One step back, two steps forward
Lisa Fratt, Editor
Colon CAD [compute-aided detection] studies continue to demonstrate the power of the technology. Consider the September issue of Radiology, in which two separate group of researchers highlight giant strides forward.

Edward M. Lawrence, BS, of University of Wisconsin in Madison, and colleagues reported excellent performance of stand-alone CAD in a large screening population. Such data are essential to transitioning to a general screening model. A second study in the same edition complemented Lawrence’s findings. Meanwhile, Abraham H. Dachman, MD, of University of Chicago, and his colleagues demonstrated that colon CAD improved reader performance, especially with regards to sensitivity.

However, the ultimate fate of colon CAD is tied to that of CT colonography (CTC), and the status of CT colonography screening (CTC) remains in flux. Decision-making bodies, like the U.S. Preventive Services Task Force (USPSTF), continue to hem and haw. In August, USPSTF insisted that further research is required prior to a conclusive recommendation regarding CTC. This uncertainty creates a clinical and economic drag on CTC and colon CAD.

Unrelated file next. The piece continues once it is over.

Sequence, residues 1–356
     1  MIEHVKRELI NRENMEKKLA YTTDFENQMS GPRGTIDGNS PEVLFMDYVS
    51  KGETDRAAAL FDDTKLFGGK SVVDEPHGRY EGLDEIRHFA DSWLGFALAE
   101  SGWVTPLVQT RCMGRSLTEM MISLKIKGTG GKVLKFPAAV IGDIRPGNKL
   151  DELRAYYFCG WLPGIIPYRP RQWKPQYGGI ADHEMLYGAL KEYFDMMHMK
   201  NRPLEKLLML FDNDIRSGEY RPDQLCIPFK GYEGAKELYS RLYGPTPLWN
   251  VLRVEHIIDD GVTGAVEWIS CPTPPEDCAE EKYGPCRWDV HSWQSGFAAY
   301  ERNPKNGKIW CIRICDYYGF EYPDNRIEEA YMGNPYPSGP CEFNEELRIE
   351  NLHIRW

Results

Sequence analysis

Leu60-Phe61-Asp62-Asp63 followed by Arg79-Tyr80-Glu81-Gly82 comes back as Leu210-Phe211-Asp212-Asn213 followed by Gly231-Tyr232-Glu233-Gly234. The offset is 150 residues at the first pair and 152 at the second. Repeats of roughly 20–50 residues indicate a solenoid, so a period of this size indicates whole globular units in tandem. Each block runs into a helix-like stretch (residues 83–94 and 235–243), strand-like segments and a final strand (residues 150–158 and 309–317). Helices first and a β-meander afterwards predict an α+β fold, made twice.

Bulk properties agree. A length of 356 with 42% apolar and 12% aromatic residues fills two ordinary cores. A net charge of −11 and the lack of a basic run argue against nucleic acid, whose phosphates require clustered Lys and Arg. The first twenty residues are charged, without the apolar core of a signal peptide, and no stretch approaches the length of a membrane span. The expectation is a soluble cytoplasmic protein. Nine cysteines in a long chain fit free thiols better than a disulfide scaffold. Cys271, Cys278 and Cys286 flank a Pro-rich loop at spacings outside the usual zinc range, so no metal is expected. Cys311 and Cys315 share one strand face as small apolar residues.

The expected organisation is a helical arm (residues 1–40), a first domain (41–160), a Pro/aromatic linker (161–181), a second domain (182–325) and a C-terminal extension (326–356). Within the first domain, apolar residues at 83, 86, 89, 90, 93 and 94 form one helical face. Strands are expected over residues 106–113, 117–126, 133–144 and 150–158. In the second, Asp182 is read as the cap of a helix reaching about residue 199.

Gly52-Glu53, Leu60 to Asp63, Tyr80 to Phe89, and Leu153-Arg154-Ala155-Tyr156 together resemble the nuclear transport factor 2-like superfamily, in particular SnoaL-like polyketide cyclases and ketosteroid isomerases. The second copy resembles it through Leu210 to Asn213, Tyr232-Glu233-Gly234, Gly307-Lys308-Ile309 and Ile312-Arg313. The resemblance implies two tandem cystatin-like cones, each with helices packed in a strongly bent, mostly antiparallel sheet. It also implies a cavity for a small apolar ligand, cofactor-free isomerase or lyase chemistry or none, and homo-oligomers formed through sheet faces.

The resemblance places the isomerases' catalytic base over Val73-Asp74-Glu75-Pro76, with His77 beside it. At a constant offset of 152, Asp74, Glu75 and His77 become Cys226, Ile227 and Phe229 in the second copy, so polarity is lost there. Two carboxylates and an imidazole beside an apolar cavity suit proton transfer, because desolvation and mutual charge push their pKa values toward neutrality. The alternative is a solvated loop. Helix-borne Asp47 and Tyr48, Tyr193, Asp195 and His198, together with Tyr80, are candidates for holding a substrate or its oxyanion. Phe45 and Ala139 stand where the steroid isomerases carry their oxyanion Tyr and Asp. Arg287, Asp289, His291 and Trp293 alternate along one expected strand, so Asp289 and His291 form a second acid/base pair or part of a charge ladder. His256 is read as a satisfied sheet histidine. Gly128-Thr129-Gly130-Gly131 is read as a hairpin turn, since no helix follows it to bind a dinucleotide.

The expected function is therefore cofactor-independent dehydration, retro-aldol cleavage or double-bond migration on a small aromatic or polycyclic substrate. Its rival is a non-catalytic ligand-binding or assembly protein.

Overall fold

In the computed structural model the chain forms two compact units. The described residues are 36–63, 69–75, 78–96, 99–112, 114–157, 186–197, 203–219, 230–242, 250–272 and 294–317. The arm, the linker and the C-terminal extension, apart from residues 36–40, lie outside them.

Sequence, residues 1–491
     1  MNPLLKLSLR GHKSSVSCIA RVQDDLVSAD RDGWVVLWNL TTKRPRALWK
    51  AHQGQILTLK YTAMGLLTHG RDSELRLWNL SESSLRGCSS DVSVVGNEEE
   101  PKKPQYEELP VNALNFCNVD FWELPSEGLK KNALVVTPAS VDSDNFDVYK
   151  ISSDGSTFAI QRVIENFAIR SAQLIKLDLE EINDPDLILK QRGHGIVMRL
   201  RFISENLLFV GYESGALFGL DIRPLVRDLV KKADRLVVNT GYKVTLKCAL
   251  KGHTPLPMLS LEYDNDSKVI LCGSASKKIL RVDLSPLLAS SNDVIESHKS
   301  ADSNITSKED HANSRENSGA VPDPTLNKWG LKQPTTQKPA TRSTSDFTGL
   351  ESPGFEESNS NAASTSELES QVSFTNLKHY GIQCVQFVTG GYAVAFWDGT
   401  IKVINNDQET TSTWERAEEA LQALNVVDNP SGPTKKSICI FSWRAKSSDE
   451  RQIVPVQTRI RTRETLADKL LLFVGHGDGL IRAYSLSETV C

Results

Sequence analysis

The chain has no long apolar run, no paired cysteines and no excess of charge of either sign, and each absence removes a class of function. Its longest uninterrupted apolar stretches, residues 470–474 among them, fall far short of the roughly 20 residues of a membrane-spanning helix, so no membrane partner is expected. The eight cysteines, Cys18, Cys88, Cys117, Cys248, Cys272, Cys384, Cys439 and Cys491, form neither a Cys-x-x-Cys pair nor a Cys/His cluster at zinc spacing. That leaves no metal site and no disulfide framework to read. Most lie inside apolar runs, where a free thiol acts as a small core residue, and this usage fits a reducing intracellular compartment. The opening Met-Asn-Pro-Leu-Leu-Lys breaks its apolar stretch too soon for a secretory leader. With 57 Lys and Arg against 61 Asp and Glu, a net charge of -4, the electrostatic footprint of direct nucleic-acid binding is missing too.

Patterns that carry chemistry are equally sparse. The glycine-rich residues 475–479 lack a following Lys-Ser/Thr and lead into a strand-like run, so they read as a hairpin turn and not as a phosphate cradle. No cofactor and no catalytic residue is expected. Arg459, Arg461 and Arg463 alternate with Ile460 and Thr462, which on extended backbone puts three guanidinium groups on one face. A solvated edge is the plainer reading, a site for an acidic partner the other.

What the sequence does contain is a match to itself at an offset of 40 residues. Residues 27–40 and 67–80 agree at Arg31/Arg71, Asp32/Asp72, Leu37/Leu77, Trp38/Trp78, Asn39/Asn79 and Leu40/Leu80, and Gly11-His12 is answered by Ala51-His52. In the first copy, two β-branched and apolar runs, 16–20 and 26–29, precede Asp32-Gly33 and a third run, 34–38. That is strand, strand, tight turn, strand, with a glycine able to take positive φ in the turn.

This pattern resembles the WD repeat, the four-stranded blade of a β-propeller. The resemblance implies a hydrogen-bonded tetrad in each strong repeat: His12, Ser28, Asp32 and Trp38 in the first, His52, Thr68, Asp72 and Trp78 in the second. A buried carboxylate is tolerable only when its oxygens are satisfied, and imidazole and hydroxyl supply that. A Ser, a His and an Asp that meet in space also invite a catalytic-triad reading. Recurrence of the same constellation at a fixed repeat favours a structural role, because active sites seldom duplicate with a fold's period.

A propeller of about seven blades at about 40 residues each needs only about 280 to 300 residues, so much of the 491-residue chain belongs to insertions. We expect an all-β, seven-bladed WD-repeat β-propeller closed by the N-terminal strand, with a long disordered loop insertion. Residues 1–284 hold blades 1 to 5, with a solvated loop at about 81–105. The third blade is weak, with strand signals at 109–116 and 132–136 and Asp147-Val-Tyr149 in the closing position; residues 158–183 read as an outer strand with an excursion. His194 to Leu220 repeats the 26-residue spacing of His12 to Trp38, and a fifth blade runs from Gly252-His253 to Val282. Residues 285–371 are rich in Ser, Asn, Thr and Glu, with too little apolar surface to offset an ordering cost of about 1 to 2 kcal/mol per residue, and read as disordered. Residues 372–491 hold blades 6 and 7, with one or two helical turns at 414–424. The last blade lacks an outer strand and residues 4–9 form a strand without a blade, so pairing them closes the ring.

The clinical community is responding. The CT Colonography Coalition is urging the Task Force to reconsider its decision. The facts support the coalition. Consider:
  • In 2008, the American College of Radiology Imaging Network (ACRIN) found that CTC and standard colonoscopy deliver comparable detection of cancer and precancerous polyps; and
  • When institutions providing CTC have surveyed patients, nearly 40 percent reported they would not have undergone screening without the CTC option; and
  • Regular screening increases the odds of finding colon cancer at its earliest, most curable stage and also allows physicians to remove pre-cancerous polyps.

Our hope at Health Imaging & IT and Health Imaging News is that the current stalemate represents a temporary stumbling block. CTC merits reimbursement, and colon CAD is valuable adjunct to the technology.

I would value your comments on the topic.

Lisa Fratt, Editor